7

9Post game rub down. It is hard to recommend a visit to see Cray as the experience is as per Bromley, but with less people and (on this occasion) noticeably poorer football. In some instances ground sharing arrangements seem to work well and make economic sense in these times of economic pressure. However, it is genuinely sad to see a historic club like Cray without a proper home. Hopefully we’ll be visiting them at a new home ground sometime soon.  Luckily, this house covered in Christmas decorations was on hand near the ground to cheer us up…..

There is a house behind here somewhere

There is a house behind here somewhere

1011

Kennington Oval

15 Nov

7 November 2012

The Oval, Kennington, SE11

Wanderers 1 v The Royal Engineers 7

1872 FA Cup replay

Team talk. Here at the Pigeon Stands we normally shy away from nostalgia. Especially nostalgia associated with football, where the images of cloth caps and rattles of yore bears little resemblance to the modern Premier League game and the yearly race through the gutter in which it’s clubs partake. However a chance to watch a replay of the first FA Cup final between Wanderers and the Royal Engineers at the Oval, arguably south London’s finest sporting venue after Champion Hill, was too good an opportunity to turn down. The fact that the game was being played in the run up to Remembrance Day in aid of various local and military charities further sweetened the deal.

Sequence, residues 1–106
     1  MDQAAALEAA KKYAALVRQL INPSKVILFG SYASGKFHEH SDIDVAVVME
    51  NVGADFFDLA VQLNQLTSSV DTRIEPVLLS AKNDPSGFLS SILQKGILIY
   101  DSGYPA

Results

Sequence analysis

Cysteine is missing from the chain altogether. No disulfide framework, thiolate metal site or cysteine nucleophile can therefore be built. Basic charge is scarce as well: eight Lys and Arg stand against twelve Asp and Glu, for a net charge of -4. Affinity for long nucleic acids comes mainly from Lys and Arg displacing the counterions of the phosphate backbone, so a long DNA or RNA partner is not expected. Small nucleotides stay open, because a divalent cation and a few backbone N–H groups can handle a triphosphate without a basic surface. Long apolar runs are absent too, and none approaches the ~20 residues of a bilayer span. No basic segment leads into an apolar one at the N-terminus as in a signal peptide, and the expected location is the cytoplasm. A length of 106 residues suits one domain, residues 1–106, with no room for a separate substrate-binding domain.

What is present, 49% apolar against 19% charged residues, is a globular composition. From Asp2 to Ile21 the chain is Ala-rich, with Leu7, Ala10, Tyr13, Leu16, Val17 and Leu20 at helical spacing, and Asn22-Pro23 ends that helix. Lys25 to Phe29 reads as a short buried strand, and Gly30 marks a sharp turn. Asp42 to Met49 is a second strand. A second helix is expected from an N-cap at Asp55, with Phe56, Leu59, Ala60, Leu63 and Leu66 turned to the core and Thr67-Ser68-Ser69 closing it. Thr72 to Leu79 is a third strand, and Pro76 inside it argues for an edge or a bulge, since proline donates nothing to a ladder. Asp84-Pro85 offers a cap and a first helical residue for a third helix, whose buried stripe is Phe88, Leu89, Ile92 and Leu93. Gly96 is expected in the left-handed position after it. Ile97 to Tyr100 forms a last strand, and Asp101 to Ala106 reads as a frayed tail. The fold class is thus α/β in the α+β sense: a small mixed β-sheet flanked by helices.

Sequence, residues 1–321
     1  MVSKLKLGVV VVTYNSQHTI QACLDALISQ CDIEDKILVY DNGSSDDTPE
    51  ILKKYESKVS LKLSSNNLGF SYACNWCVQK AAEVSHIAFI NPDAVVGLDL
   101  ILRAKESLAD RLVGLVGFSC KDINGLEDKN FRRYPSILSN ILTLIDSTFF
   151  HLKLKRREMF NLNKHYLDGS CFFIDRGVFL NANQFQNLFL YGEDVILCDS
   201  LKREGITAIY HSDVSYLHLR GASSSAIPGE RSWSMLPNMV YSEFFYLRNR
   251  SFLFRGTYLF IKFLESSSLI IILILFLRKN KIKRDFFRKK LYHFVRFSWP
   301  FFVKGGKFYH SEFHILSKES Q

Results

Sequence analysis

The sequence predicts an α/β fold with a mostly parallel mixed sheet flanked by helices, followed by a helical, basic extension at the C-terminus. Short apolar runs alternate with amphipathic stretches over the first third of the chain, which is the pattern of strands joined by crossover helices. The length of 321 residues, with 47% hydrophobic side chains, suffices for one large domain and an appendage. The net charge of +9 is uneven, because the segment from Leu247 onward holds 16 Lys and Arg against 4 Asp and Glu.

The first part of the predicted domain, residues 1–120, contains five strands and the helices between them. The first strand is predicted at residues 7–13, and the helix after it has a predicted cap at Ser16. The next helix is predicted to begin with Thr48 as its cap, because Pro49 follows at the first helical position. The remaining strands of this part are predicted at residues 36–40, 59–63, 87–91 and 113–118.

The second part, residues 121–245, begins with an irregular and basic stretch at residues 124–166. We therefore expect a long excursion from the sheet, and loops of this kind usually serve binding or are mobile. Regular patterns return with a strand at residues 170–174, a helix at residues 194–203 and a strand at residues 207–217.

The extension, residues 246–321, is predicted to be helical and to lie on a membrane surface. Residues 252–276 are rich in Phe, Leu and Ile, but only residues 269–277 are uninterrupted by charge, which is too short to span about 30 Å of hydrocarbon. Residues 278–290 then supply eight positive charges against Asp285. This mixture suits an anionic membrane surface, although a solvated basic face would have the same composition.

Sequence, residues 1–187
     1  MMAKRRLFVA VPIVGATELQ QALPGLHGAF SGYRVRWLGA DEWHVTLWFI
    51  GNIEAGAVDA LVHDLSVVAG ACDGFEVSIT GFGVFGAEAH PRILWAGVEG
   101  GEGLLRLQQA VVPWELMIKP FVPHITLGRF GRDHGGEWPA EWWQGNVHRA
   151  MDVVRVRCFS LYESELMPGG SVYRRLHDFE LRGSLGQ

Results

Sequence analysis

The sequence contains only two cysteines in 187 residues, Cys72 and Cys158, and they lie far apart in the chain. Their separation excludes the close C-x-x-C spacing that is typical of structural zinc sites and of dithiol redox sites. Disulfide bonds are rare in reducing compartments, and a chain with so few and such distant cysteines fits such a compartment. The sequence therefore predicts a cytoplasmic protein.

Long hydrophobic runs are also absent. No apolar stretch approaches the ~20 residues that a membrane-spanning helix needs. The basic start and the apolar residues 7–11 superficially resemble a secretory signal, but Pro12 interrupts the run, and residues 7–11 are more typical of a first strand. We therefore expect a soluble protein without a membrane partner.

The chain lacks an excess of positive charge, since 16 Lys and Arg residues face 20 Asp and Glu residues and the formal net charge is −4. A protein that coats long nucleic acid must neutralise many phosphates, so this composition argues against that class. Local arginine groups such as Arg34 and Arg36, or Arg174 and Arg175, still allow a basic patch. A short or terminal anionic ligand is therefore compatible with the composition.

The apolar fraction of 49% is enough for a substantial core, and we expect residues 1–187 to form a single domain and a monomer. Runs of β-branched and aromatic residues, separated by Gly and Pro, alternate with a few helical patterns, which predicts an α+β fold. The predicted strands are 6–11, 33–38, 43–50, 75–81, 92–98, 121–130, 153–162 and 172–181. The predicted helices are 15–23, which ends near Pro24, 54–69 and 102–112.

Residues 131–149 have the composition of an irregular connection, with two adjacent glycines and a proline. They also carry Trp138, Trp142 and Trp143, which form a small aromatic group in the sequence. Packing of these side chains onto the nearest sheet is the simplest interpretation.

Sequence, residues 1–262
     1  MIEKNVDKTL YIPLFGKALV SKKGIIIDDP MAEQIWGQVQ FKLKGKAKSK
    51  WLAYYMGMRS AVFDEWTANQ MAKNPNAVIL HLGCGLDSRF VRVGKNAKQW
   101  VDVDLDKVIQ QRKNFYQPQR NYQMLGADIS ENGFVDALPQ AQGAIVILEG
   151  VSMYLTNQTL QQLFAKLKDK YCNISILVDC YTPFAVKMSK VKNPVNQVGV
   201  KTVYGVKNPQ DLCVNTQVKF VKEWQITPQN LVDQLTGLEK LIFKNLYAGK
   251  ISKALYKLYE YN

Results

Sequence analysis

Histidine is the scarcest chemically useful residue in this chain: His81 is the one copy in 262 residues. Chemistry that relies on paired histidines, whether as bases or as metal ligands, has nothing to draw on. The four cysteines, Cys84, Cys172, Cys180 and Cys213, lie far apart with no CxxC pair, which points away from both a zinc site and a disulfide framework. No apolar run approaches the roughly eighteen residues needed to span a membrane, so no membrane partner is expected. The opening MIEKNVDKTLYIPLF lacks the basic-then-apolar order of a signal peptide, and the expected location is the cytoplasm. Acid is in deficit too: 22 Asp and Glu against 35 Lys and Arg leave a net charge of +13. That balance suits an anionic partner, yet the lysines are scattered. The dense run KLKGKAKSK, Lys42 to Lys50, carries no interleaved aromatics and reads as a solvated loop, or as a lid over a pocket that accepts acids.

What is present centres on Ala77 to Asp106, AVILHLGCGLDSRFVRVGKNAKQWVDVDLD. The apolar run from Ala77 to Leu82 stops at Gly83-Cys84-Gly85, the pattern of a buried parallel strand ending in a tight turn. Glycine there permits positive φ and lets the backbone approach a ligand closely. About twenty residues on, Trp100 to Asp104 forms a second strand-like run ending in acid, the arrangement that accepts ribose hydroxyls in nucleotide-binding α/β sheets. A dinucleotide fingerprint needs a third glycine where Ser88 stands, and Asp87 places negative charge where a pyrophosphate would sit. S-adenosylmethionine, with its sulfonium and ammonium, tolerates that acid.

Of course the Oval is more famous today as a cricket ground and home to Surrey Country Cricket Club, but in 1872 it was the first venue to host the FA Cup. The winners that day were Wanderers, by a single goal to nil, scored in the fifteenth minute by Wanderers striker Morton Peto Betts (playing under the pseudonym ‘A.H. Chequer’ as he had originally registered to play for a different team and may have technically been cup tied for the match). Another Victorian sporting legend on the pitch that day was club captain C.W Alcock, who had devised the rules for the competition a few months previously. Nothing at all suspicious about that, nor the rule he included that 30 minutes of extra time would be played in the event of the scores being level after 90 but only at the captains’ discretion. Some of these players like Alcock were real renaissance men, often representing their countries in multiple sports including football, cricket, and also beach volleyball. Here are some other sports they excelled at.

Morton Beets or cheeky get?

Wanderer’s were originally formed in 1859 comprising many players who were former pupils of the leading English public schools of the day, including Harrow, Eton, and Hogwarts. The club folded sometime between 1884 and 87 due to the rising interest in the professional game and the dominance of teams from northern England and Scotland. Wanderers reformed in 2009 to play exhibition games in aid of UNICEF.

The Royal Engineers were founded in 1863 to represent the Corps of the Royal Engineers (aka the Sappers) and have survived to this day affiliated to the Army Football Association. Engineers were favourites to win the 1872 final and were famed for their badass charging style. In the game itself Engineers player Lieutenant Creswell was famously injured after ten minutes, breaking his collarbone. He was forced to play the full game due to a rule that no substitutions were permitted (another Alcock rule addition?).

Royal Engineers circa 1871 – Hi ho, hi ho, it’s off to work we go.

Park the bus. The Oval is located in Kennington and has a stop on the Northern Line (Zone 2). It is also walkable within half an hour from the Victoria area.